To the Editor We applaud Torres et al1 and JAMA Surgery for highlighting microaggression in health care. We addressed microaggression during a Mayo Clinic–sponsored continuing medical education conference: “GRIT (Growth, Resilience, Inspiration, and Tenacity) for Women in Medicine” in September 2018 and have since presented at other regional and national venues. Individuals experiencing microaggressions vary based on gender identity, ethnicity, race, age, disability, and even type and level of professional training. However, many fear that their own comments or actions may be labeled as microaggressions, leading to accusations of racism, sexism, or prejudice. Two of the frameworks reviewed by the authors (“Open the Front Door” and “XYZ”) direct the recipient on how to respond to microaggressions but do not prompt the recipient to ask for clarifications on comments or actions. We have developed a method to address microaggressions in a nonaccusatory manner, with opportunities for both sides to reflect on the potential effects of statements and actions, using the mnemonic GRIT:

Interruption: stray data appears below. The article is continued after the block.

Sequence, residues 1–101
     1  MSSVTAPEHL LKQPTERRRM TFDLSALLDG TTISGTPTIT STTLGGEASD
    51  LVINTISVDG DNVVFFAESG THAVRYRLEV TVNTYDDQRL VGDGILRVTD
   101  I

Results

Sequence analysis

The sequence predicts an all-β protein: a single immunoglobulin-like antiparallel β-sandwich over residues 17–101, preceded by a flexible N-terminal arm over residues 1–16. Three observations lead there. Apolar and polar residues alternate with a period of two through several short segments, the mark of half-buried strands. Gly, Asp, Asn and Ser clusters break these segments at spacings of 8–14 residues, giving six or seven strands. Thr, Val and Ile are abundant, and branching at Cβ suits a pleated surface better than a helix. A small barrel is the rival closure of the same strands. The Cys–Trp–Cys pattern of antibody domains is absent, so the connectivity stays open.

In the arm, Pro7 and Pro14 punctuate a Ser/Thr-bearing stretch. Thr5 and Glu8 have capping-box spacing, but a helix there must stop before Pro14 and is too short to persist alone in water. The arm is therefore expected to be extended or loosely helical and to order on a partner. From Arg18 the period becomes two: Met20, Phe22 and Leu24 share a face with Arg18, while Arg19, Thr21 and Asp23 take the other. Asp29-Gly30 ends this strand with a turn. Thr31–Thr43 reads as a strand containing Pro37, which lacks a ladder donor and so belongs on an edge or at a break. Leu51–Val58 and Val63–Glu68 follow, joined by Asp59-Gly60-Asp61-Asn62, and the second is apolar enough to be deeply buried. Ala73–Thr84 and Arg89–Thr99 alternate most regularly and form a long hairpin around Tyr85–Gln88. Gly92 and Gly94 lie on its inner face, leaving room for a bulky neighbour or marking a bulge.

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Warner NS, Njathi-Ori CW, O’Brien EK. The GRIT (Gather, Restate, Inquire, Talk It Out) Framework for Addressing Microaggressions. JAMA Surg. 2020;155(2):178–179. doi:10.1001/jamasurg.2019.4427
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